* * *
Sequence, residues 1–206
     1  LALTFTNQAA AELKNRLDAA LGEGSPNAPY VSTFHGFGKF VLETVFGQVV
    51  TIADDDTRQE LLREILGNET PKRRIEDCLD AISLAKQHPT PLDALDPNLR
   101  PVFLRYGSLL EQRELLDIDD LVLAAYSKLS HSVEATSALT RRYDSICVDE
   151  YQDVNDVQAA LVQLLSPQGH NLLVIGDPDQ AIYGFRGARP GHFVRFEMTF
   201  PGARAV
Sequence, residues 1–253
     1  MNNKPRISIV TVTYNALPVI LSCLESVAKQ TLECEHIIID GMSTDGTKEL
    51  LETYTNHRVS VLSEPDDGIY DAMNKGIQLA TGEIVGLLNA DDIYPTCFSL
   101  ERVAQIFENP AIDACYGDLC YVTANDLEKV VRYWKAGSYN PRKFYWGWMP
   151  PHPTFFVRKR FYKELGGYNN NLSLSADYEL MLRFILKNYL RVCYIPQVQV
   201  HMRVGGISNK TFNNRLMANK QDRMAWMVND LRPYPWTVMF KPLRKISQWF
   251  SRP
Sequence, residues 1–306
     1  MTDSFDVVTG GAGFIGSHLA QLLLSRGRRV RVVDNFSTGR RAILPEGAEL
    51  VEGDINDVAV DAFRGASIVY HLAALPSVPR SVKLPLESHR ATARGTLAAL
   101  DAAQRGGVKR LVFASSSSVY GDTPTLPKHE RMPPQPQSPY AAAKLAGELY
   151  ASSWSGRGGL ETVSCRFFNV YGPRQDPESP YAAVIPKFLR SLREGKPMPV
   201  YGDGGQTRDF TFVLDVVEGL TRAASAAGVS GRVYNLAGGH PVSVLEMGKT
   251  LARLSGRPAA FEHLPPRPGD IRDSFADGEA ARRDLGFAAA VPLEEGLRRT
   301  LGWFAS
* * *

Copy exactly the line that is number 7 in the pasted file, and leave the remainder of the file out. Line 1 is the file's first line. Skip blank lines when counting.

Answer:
Sequence, residues 1–253